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Is the ‘D’ word rearing its ugly head?

Agricultural Manitoba is going into seeding with below-average precipitation in the bank

After a dry to very dry winter and spring across agricultural Manitoba, there comes a time when we have to begin talking about the dreaded “D” word: drought. Looking up some definitions of drought, here is what I have found:

In the most general sense, drought originates from a deficiency of precipitation over an extended period of time — usually a season or more — resulting in a water shortage for some activity, group, or environmental sector.

Which then leads to this slightly more specific definition:

Drought is a protracted period of deficient precipitation resulting in extensive damage to crops, resulting in loss of yield.

Using the first definition, I would say we have definitely seen a deficiency of precipitation over an extended period of time. Table 1 (below) includes data I have put together showing the total amount of precipitation that has fallen from January to April of this year, the long-term average, and the driest period we have seen on record. In Table 2 (below) I’ve extended the time frame to cover November 2017 through to April 2018.

Table 1: 2018 in precipitation, so far (mm)

Table 2: Precipitation since November. (mm)

The first point of note is that all three locations have seen below-average amounts of precipitation over both of these time frames. The Winnipeg region has been the driest, with only around 33 per cent of average precipitation. Dauphin is the next driest, with around 50 per cent of average. Finally, the Brandon region came in with around 70 per cent of average. The Winnipeg region is the only area, at this level of examination, that has broken records for the driest November-to-April and January-to-April periods. In fact, Winnipeg easily broke both records with the January-to-April record going all the way back to 1875. So, if you are saying that this has been the driest winter and spring that you can ever remember, you are probably right, since the previous records for the Brandon and Dauphin regions occurred back in the mid-1920s and early 1930s.

We definitely have seen a deficiency of precipitation over an extended period of time — usually a season or more. Therefore, according to the first definition, we are now in a drought. Looking at the second definition, a drought occurs when a deficiency of precipitation results in extensive damage to crops. Since this year’s crops are not yet actively growing we can’t yet say that we have seen extensive damage. I know in my region with the wet Red River clay soils, most farmers are just finishing up seeding, so for them another week or so of dry weather is just perfect. I just finished tilling up my own three gardens and I must admit the soil and soil moisture levels were just about perfect. So, do we need to worry about drought?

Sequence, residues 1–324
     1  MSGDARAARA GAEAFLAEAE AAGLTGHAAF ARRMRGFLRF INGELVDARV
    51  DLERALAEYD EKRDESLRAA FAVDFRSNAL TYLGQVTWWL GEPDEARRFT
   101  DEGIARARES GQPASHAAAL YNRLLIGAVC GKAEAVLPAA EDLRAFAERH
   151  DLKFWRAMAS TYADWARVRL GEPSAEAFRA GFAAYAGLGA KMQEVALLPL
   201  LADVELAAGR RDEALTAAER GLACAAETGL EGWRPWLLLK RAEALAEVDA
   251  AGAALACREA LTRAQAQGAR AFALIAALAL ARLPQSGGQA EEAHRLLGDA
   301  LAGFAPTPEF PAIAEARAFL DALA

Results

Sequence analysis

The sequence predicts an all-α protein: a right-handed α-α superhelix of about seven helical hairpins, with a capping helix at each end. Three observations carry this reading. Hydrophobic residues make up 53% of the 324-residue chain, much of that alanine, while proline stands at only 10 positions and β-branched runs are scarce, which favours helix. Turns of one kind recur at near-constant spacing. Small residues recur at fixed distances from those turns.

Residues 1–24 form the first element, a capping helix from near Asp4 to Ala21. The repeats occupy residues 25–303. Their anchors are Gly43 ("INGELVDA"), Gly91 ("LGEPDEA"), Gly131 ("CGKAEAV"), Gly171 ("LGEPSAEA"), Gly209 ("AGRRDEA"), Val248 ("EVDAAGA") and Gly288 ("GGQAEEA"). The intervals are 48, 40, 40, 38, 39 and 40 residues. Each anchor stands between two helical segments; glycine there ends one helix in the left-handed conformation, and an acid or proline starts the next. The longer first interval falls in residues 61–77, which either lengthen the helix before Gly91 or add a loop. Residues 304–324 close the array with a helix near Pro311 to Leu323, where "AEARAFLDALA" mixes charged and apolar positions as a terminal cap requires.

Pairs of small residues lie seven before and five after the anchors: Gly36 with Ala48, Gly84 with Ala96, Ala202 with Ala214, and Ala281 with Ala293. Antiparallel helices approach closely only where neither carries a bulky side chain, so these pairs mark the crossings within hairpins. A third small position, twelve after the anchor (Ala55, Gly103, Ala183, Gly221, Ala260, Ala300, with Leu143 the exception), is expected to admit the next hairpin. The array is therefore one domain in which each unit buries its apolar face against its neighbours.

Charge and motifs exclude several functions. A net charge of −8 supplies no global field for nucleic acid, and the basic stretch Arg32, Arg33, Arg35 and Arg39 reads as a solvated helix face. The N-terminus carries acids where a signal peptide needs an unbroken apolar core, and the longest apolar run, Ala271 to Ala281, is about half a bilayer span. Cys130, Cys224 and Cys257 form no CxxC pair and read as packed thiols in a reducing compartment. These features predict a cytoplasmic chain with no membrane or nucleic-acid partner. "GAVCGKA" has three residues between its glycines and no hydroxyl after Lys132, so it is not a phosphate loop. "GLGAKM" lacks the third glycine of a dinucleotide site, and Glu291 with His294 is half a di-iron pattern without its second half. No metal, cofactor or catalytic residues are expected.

While soil moisture levels have been good for getting on the land and planting, the lack of snowmelt and scarce spring rains have left very little available water. Water levels in rivers, streams and water bodies are low, along with ground water levels. So, while everything is good right now, there is very little capacity in the current water system to handle ongoing dry conditions. With the current prediction of warm, dry weather, it won’t take long before we begin to feel the adverse effects of dry weather. If the dry weather impacts germination and early-season growth, then we’ll quickly begin seeing extensive crop damage taking place — a drought based on the second definition above.

Now, it is easy to cry doom and gloom — heck, the potential is there — but we also know that dry weather has and can quickly turn into wet weather. Can we have a dry May and still be OK? I think so. June and July are the wettest months, with a majority of the rainfall coming from thunderstorms that are notoriously difficult to predict. What would suffer if we continue to see dry weather for the next couple of weeks would be a lot of the hayfields. With the dry winter and spring there was little standing water in the fields. This usually helps to warm the top level of soil and gets things actively growing. With the available soil moisture and with no rain, it looks to be a slow start to the growing season for hay. With a limited time period to get good growth before the summer heat hits, it may be the hayfields that feel the first impacts of drought.

Next issue we’ll continue to see how things are shaping up rain-wise, and then we’ll begin our annual look at thunderstorms, since thunderstorm season is pretty much upon us.

About the author

Co-operator contributor

Daniel Bezte is a teacher by profession with a BA (Hon.) in geography, specializing in climatology, from the U of W. He operates a computerized weather station near Birds Hill Park.


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